AQ Slideshow: Colombian Farmer Protests
On August 19, 2013, after several failed attempts to bring the Colombian government’s attention to their economic struggles, peasant organizations from all over the country halted agricultural production and blocked interstate highways nationwide. This Sunday, the Colombian government announced that it had reached a preliminary agreement with the striking farmers, who agreed to lift their roadblocks this week.
The strike and road blockades were quickly felt in departmental capitals like Bogotá, Pasto and Tunja, where food shortages and mobility restrictions affected millions. Violent clashes in the capital and elsewhere during the three-week protest led to at least five deaths.
View a slideshow of the road blockades set up by Colombian farmers from Boyacá.
Click here to view an expanded version of the slideshow.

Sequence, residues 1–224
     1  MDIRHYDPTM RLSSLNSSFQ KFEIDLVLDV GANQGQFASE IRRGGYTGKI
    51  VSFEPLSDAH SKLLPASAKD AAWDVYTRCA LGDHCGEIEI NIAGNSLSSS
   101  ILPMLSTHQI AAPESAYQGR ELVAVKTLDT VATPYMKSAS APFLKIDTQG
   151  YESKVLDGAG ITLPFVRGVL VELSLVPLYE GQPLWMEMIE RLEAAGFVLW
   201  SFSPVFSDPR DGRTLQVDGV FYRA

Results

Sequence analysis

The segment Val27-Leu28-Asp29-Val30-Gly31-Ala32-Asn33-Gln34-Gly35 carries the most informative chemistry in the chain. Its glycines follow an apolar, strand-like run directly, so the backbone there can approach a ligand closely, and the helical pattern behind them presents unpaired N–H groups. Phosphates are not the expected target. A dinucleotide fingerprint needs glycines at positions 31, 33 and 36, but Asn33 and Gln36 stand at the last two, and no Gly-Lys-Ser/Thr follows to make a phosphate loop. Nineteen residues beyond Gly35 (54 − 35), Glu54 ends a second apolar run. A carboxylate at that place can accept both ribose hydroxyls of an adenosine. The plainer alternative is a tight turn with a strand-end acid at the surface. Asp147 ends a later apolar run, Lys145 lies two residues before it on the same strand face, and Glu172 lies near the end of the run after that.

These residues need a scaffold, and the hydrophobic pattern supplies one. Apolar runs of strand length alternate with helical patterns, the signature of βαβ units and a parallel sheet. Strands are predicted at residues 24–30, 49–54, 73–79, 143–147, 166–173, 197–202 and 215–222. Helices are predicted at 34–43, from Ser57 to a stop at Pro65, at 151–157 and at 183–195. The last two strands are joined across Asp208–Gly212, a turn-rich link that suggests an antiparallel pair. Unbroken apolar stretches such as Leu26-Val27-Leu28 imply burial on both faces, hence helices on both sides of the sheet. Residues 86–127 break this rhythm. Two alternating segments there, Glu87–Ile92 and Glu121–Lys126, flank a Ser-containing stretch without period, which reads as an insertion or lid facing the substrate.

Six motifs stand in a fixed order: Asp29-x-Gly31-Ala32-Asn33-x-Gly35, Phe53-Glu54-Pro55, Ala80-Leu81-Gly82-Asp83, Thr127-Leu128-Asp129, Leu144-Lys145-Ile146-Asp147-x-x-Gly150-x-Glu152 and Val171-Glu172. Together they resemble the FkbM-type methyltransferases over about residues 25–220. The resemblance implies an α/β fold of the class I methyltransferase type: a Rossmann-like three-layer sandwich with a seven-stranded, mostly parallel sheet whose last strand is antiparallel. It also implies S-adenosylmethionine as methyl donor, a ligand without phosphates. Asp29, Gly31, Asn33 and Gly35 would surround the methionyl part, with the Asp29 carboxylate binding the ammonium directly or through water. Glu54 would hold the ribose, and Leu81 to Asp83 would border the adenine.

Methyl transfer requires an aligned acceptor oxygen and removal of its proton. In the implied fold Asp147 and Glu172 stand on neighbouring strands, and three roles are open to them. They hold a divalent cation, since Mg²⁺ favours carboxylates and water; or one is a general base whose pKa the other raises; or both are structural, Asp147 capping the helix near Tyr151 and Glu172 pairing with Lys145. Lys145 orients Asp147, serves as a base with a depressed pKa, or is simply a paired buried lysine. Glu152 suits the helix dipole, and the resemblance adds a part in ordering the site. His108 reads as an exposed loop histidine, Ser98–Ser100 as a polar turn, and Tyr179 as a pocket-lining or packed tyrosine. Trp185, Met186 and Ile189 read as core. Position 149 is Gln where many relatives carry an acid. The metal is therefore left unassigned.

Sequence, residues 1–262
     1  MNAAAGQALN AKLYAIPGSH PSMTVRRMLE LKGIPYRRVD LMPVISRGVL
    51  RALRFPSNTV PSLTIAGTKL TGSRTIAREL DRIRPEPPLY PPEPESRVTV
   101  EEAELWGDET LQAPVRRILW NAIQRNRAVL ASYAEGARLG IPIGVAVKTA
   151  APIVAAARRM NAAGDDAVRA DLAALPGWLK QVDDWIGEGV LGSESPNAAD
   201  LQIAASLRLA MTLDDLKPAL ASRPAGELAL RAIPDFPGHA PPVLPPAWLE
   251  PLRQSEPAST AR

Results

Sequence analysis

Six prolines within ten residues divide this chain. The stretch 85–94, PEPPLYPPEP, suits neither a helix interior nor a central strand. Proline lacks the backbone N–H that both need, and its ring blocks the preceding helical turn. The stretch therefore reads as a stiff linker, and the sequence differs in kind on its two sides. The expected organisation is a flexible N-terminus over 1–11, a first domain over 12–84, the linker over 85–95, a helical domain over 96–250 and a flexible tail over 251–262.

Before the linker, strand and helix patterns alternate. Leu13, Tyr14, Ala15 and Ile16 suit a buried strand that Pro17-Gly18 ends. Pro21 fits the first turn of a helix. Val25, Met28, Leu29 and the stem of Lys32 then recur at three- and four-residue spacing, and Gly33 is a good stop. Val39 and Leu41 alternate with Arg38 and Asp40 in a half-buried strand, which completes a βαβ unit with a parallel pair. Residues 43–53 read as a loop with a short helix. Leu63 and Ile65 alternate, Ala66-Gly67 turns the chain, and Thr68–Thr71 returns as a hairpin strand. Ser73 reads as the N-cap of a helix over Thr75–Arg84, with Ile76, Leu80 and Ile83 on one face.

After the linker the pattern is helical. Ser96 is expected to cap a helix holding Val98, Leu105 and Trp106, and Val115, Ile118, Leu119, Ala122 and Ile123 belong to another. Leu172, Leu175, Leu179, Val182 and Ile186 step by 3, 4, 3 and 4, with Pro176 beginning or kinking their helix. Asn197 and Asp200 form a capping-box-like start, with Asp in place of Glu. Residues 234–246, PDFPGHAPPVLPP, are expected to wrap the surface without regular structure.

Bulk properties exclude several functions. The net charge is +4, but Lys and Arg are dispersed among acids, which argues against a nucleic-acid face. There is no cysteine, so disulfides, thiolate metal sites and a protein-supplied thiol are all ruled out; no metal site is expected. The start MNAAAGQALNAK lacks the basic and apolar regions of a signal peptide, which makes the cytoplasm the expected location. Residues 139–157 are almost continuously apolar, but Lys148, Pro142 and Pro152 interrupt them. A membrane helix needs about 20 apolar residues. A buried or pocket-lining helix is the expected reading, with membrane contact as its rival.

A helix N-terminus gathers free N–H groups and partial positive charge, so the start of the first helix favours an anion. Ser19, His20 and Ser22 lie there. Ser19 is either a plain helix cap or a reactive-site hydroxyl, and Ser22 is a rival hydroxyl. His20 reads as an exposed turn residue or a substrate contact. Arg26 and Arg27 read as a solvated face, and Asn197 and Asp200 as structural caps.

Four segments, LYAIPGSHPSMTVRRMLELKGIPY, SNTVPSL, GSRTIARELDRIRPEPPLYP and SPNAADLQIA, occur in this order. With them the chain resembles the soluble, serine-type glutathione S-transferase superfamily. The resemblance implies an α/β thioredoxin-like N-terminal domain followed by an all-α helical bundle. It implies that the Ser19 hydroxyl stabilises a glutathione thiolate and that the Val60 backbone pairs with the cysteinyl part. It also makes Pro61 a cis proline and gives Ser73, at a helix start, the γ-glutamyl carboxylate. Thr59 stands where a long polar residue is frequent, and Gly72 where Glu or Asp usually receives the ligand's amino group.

The farmers’ grievances stretch back to the early 1990s, during a process of financial and commercial liberalization in Colombia that eliminated subsidies to the agricultural sector. As a result, farmers have struggled to pay their loans and to compete with cheap produce imported from the European Union, the United States, Mexico, Chile, and other countries that have recently signed free-trade agreements (FTAs) with Colombia.
This year, the elevated prices of agricultural supplies like fertilizers and seeds and high transportation costs due to an increase in gasoline prices have added to Colombian farmers’ economic woes. Demands include tax exemptions for fertilizers and other products and subsidies to offset the declining prices of their crops—spending that could amount to as much as $1.5 billion, according to Colombian Finance Minister Mauricio Cárdenas.
Santos called for a national dialogue on September 12 to address the farmers' demands and to reach a final agreement.
While Santos’ ministers negotiate with representatives from the farmer organizations, analysts agree that a lasting solution to the agrarian crisis will take time and effort—and that structural reforms to Colombia’s traditionally unequal distribution of land and wealth cannot wait any longer.
All photos courtesy of the author and Federico Pardo.